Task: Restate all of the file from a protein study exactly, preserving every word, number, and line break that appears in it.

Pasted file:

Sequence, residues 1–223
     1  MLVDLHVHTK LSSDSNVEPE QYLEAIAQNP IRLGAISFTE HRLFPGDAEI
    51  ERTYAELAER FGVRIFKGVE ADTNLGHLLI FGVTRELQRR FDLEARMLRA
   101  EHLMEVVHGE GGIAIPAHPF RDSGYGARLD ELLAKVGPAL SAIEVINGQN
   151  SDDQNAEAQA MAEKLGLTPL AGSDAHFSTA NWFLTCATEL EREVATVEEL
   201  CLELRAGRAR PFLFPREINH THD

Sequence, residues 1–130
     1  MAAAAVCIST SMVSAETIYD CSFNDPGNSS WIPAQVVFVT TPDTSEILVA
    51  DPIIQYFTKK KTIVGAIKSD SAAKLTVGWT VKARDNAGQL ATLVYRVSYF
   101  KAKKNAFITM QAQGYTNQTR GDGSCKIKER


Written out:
Sequence, residues 1–223
     1  MLVDLHVHTK LSSDSNVEPE QYLEAIAQNP IRLGAISFTE HRLFPGDAEI
    51  ERTYAELAER FGVRIFKGVE ADTNLGHLLI FGVTRELQRR FDLEARMLRA
   101  EHLMEVVHGE GGIAIPAHPF RDSGYGARLD ELLAKVGPAL SAIEVINGQN
   151  SDDQNAEAQA MAEKLGLTPL AGSDAHFSTA NWFLTCATEL EREVATVEEL
   201  CLELRAGRAR PFLFPREINH THD

Sequence, residues 1–130
     1  MAAAAVCIST SMVSAETIYD CSFNDPGNSS WIPAQVVFVT TPDTSEILVA
    51  DPIIQYFTKK KTIVGAIKSD SAAKLTVGWT VKARDNAGQL ATLVYRVSYF
   101  KAKKNAFITM QAQGYTNQTR GDGSCKIKER